IBM MQ file permissions in /opt/mqm with setuid for mqm

The following information covers the situation where your security team has flagged some of the executable IBM® MQ files in the directory tree $MQ_INSTALLATION_PATH, in violation of local security policies. The default location in AIX® is /usr/mqm and for the other UNIX operating systems is /opt/mqm. If you have installed IBM MQ in a non-default directory, such as /opt/mqm90, or if you have multiple installations, the details in this topic still apply.

Cause of the problem

Your security team has identified the following areas of concern under $MQ_INSTALLATION_PATH:
  1. Files in /opt/mqm/bin directory are setuid for the owner of the directory tree where they reside. For example:
    dr-xr-xr-x   mqm  mqm   ${MQ_INSTALLATION_PATH}/bin
    -r-sr-s---   mqm  mqm   ${MQ_INSTALLATION_PATH}/bin/addmqinf
    -r-sr-s---   mqm  mqm   ${MQ_INSTALLATION_PATH}/bin/amqcrsta
    -r-sr-s---   mqm  mqm   ${MQ_INSTALLATION_PATH}/bin/amqfcxba
  2. Practically all the directories and files are owned by "mqm:mqm" except for the following, which are owned by root:
    dr-xr-x---   root mqm   ${MQ_INSTALLATION_PATH}/bin/security
    -r-sr-x---   root mqm   ${MQ_INSTALLATION_PATH}/bin/security/amqoamax
    -r-sr-x---   root mqm   ${MQ_INSTALLATION_PATH}/bin/security/amqoampx
    This subdirectory needs to be owned by root, because these are the executable files that interact with the operating system when the user from an IBM MQ client specifies a password, and this password is passed by the IBM MQ queue manager to the operating system to confirm if the password is valid or is not valid.
  3. User does not own files in /opt/mqm/lib/iconv directory (this directory does not exist on AIX). For example:
    dr-xr-xr-x   mqm  mqm   ${MQ_INSTALLATION_PATH}/lib/iconv
    -r--r--r--   bin  bin   ${MQ_INSTALLATION_PATH}/lib/iconv/002501B5.tbl
    -r--r--r--   bin  bin   ${MQ_INSTALLATION_PATH}/lib/iconv/002501F4.tbl
    -r--r--r--   bin  bin   ${MQ_INSTALLATION_PATH}/lib/iconv/00250333.tbl
  4. The fix pack maintenance directory on RPM-based Linux® systems. When fix packs are installed, the existing files are saved under this directory in a structure similar to that shown in the following example, except that in this example V.R represents the IBM MQ version and release number and the subdirectories that appear depend on the fix packs that have been installed:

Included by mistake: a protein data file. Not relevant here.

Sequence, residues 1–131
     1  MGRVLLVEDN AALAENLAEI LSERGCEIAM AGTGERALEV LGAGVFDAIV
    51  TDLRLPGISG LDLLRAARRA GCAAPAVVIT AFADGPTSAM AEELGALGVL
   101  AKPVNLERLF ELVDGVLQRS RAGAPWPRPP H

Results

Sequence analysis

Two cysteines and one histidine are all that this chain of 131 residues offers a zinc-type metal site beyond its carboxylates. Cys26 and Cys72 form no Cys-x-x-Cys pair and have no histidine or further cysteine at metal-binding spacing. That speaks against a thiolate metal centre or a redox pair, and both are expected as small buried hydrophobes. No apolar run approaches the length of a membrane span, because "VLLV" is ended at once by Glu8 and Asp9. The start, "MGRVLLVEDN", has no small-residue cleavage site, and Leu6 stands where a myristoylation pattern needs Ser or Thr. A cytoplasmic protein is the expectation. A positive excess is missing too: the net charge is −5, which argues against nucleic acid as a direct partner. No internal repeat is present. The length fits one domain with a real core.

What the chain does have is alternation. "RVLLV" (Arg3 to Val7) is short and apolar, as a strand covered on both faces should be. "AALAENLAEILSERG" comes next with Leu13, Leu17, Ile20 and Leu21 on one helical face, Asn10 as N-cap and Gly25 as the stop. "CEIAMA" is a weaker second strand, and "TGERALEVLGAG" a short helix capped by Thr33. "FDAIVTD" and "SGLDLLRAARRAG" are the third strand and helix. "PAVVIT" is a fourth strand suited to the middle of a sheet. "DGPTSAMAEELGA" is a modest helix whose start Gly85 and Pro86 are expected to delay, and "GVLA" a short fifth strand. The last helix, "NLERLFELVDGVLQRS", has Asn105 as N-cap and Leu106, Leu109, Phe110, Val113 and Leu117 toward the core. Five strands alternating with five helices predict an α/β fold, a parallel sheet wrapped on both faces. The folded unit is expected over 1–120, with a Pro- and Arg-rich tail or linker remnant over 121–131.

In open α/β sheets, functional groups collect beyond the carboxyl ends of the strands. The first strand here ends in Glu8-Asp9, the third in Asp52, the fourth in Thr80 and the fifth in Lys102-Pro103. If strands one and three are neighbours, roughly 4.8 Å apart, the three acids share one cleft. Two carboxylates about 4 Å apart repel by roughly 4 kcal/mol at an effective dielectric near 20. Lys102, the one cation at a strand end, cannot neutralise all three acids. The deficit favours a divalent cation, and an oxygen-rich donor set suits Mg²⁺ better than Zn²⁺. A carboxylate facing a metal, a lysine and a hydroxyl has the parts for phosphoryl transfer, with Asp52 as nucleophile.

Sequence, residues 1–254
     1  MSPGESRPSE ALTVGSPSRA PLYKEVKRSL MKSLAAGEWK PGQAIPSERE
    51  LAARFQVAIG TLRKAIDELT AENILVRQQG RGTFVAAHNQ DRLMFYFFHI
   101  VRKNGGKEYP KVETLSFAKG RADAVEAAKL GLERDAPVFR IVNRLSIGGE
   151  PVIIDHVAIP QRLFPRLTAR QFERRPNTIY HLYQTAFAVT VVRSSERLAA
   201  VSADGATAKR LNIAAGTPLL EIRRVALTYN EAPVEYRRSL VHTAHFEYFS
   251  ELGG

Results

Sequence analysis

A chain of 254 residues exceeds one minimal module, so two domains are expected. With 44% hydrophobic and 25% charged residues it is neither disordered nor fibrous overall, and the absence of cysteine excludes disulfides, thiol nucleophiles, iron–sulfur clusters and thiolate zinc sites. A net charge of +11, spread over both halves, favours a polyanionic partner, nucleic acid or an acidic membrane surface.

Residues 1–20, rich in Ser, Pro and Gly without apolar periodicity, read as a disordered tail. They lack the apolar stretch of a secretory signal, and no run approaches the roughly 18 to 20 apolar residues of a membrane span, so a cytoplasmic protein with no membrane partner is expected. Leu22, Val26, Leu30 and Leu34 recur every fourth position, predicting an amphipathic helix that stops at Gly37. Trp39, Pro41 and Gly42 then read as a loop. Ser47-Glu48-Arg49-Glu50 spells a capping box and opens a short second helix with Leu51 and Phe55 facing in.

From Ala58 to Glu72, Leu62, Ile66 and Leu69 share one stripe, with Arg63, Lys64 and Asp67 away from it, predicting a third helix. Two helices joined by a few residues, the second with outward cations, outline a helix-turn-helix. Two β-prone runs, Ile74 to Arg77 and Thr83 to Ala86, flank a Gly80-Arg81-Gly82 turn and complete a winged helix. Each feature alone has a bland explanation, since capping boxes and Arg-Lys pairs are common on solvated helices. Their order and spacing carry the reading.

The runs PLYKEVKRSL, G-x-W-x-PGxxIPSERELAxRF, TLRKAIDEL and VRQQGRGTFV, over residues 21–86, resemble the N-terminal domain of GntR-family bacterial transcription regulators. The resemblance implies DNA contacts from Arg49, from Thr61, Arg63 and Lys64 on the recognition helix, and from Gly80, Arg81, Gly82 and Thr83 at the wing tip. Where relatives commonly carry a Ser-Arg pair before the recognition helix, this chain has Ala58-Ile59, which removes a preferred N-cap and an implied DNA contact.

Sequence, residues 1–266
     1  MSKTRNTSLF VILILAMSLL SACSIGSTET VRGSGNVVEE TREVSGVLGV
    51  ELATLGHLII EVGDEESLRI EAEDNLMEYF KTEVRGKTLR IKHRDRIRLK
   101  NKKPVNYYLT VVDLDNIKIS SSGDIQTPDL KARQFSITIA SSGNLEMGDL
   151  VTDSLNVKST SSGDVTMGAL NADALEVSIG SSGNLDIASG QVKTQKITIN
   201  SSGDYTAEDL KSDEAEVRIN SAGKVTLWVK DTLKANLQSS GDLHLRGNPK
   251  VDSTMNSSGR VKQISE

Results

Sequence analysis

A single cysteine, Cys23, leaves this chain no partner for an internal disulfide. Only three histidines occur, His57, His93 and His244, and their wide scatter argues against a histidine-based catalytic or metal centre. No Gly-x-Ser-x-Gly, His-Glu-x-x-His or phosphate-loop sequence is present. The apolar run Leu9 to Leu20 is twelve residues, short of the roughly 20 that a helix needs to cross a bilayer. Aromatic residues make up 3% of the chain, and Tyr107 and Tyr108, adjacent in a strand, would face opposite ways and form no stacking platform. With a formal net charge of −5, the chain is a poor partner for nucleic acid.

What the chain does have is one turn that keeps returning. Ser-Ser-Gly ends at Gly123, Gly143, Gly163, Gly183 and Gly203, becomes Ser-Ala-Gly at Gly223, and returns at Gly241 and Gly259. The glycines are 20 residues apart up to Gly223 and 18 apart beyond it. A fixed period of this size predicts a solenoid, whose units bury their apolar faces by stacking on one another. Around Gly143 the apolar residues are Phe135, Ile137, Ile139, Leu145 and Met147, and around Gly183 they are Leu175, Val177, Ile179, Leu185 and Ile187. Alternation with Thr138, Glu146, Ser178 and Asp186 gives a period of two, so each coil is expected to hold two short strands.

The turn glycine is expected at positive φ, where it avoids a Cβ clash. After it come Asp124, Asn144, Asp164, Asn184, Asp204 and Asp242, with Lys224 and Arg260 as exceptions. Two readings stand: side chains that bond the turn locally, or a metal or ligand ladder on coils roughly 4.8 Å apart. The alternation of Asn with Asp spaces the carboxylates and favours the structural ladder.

drwx------   root root  ${MQ_INSTALLATION_PATH}/maintenance
    drwxr-xr-x   root root  ${MQ_INSTALLATION_PATH}/maintenance/V.R.0.1
    drwxr-xr-x   root root  ${MQ_INSTALLATION_PATH}/maintenance/V.R.0.3
    drwxr-xr-x   root root  ${MQ_INSTALLATION_PATH}/maintenance/V.R.0.4

Resolving the problem

One of the concerns on UNIX systems with respect to setuid programs was that the system security could be compromised by manipulating environment variables such as LD* (LD_LIBRARY_PATH, LIBPATH on AIX, and so on). This is no longer a concern, as various UNIX operating systems now ignore these LD* environment variables when loading setuid programs.

  1. Why some of the IBM MQ programs are mqm-setuid or mqm-setgid.

    In IBM MQ, the user id "mqm" and any ID which is a part of the "mqm" group are the IBM MQ administrative users.

    IBM MQ queue manager resources are protected by authenticating against this user. Since the queue manager processes use and modify these queue manager resources, the queue manager processes require "mqm" authority to access the resources. Therefore, IBM MQ queue manager support processes are designed to run with the effective user-id of "mqm".

    To help non-administrative users accessing IBM MQ objects, IBM MQ provides an Object Authority Manager (OAM) facility, whereby authorities can be granted and revoked on the need of the application run by the non-administrative user.

    With the ability to grant different levels of authentications for users and the fact that setuid and setgid programs ignore LD* variables, the IBM MQ binary and library files do not compromise the security of your system in any way.

  2. It is not possible to change the permissions to satisfy the security policy of your enterprise without jeopardizing IBM MQ functionality.

    You must not change the permissions and ownerships of any of the IBM MQ binaries and libraries. IBM MQ functionality can suffer due to this kind of change, such that queue manager processes might fail to access some of the resources.

    Note that the permissions and ownerships do not pose any security threat to the system.

    Linux hard drives/disks where IBM MQ is installed or where IBM MQ data is located must not be mounted with the nosuid option. This configuration might inhibit IBM MQ functionality.

    For more information see IBM MQ file system permissions applied to /var/mqm.